Suspect Linked to Bloody Handprint in 1986 Killing Pleads Not Guilty - NBC 7 San Diego

Suspect Linked to Bloody Handprint in 1986 Killing Pleads Not Guilty

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    NEWSLETTERS

    Ex Security Guard Heads to Court in 1986 Killer Case

    A former security guard made his first court appearance after a bloody handprint could have tied him to the scene of a 1986 murder. NBC 7's Ashley Matthews has more. (Published Monday, Jan. 7, 2019)

    A suspect in the brutal 1986 stabbing of an Escondido man made his first court appearance on Monday after a bloody handprint helped authorities tie him to the slaying more than three decades later.

    Nathan Eugene Mathis, 62, of Ontario, California pleaded not guilty to one count of murder in connection with the killing of 75-year-old Richard Finney, the Escondido Police Department said. 

    Finney lived alone in an apartment on East Mission Avenue and was found by authorities in November 1986 with 31 stab wounds from three different knives, according to retired EPD homicide investigator Lt. Richard Bass, the detective called to the crime scene at the time.

    He presented one of the first testimonies at Mathis' pre-trial hearing and explained how the evidence was collected that would eventually link the suspect to the crime scene.

    "After photographing it, I used an expandable knife to cut out the handprint in the drywall so I could use it for possible future identification," Bass said. 

    For decades, the case sat cold as investigators had trouble tying a grisly piece of evidence found at the scene -- a bloody handprint left on a wall -- to anyone specific.  

    But even after using State-of-the-art DNA testing in 2007 to reexamine the evidence, the Escondido Police cold case team could not find a match.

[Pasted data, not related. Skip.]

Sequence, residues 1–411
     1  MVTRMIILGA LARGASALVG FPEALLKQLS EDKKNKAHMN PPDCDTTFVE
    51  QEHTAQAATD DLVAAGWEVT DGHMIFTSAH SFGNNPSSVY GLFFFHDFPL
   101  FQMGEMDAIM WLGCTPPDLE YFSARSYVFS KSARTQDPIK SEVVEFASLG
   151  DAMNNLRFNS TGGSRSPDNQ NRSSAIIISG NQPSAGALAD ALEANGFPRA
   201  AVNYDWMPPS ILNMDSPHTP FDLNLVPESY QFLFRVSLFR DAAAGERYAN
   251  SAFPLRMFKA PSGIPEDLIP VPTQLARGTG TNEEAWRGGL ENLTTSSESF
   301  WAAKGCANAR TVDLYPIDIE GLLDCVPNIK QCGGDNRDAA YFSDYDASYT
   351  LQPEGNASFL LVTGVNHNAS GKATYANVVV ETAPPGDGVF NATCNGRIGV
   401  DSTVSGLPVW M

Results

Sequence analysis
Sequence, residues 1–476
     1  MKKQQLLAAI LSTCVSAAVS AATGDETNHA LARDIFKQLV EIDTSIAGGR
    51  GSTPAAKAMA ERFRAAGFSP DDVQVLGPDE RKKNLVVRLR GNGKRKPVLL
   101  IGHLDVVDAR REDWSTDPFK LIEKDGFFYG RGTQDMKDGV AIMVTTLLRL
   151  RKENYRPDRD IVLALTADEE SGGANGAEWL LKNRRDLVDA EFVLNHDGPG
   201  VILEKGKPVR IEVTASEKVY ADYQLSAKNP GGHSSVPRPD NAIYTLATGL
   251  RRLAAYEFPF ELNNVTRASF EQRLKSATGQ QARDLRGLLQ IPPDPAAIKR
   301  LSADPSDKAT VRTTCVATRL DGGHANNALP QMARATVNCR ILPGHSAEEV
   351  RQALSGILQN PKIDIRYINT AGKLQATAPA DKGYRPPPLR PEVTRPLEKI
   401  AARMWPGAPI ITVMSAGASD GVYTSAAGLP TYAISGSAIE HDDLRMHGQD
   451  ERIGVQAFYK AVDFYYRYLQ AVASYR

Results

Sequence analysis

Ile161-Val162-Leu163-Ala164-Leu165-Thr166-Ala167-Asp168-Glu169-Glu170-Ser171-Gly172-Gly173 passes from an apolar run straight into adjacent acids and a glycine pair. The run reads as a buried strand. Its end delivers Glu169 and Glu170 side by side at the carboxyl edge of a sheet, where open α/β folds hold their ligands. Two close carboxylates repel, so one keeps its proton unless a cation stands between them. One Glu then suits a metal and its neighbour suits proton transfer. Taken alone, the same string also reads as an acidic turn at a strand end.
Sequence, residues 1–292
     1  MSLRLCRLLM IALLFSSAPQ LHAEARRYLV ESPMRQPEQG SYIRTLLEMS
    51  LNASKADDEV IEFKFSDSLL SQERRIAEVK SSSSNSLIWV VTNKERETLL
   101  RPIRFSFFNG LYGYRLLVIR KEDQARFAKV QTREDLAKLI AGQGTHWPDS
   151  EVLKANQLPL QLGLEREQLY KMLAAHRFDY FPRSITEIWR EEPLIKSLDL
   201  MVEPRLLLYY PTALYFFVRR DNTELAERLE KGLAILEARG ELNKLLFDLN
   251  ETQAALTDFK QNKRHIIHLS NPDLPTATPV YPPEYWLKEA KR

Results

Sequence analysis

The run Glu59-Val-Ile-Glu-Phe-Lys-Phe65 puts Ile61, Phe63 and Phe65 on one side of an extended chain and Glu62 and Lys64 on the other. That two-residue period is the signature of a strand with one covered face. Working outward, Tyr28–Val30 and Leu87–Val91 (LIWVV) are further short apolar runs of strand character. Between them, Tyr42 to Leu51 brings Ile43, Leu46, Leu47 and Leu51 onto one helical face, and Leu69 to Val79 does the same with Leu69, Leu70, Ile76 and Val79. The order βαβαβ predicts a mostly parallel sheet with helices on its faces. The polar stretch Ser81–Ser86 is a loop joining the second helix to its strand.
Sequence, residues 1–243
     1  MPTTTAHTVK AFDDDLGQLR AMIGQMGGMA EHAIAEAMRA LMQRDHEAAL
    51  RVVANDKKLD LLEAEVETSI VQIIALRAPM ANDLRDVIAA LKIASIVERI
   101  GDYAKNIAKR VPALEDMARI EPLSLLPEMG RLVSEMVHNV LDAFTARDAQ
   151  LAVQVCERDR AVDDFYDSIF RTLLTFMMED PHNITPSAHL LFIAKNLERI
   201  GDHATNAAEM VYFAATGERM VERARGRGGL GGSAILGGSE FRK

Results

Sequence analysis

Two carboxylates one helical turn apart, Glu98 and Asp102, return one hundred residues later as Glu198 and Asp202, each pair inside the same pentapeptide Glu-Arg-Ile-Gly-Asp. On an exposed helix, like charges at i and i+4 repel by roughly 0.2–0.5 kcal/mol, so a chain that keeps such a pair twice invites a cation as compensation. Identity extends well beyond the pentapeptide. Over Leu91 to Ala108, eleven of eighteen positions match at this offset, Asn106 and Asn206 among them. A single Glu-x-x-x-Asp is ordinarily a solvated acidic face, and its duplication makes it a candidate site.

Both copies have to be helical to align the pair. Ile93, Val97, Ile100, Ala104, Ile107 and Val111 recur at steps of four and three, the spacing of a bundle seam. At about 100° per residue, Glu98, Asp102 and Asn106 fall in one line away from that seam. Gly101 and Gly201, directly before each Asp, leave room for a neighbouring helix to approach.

Then, in 2016, Forensic Fingerprint Expert Cassaundra Barnes used new technology to examine a fingerprint collected from the apartment, police said.

    "She re-photographed it with newer equipment, more advanced technology and she was able to submit that fingerprint for a match," said Carter.

    Investigators say the higher quality print combined with advances in fingerprint comparison databases, led them to Mathis.

    Escondido police did not discuss a possible motive and did not say if Mathis and Finney knew each other. Bass noted during his testimony that investigators did not see signs of forced entry at the apartment. 

    There were three different bloody knives collected from the crime scene, Bass said. One of them used so forcefully it was bent in half. One of the knives was found near a butcher block and another was found behind a rocking chair, near where the victim was found.

    "The victim was clothed but on the floor next to an ottoman on the floor," Bass said.

    Mathis lived in the North County at the time of the killing.

    Police said Mathis did not show any emotion when he was arrested on April 18. He was booked into the Vista Detention Facility and held on $3 million bail. 

    Photo credit: NBC 7

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